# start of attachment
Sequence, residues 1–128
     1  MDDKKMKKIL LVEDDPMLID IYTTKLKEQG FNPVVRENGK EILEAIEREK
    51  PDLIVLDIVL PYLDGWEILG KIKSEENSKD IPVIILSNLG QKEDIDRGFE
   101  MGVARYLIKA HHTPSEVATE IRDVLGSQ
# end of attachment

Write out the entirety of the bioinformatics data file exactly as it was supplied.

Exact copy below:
Sequence, residues 1–128
     1  MDDKKMKKIL LVEDDPMLID IYTTKLKEQG FNPVVRENGK EILEAIEREK
    51  PDLIVLDIVL PYLDGWEILG KIKSEENSKD IPVIILSNLG QKEDIDRGFE
   101  MGVARYLIKA HHTPSEVATE IRDVLGSQ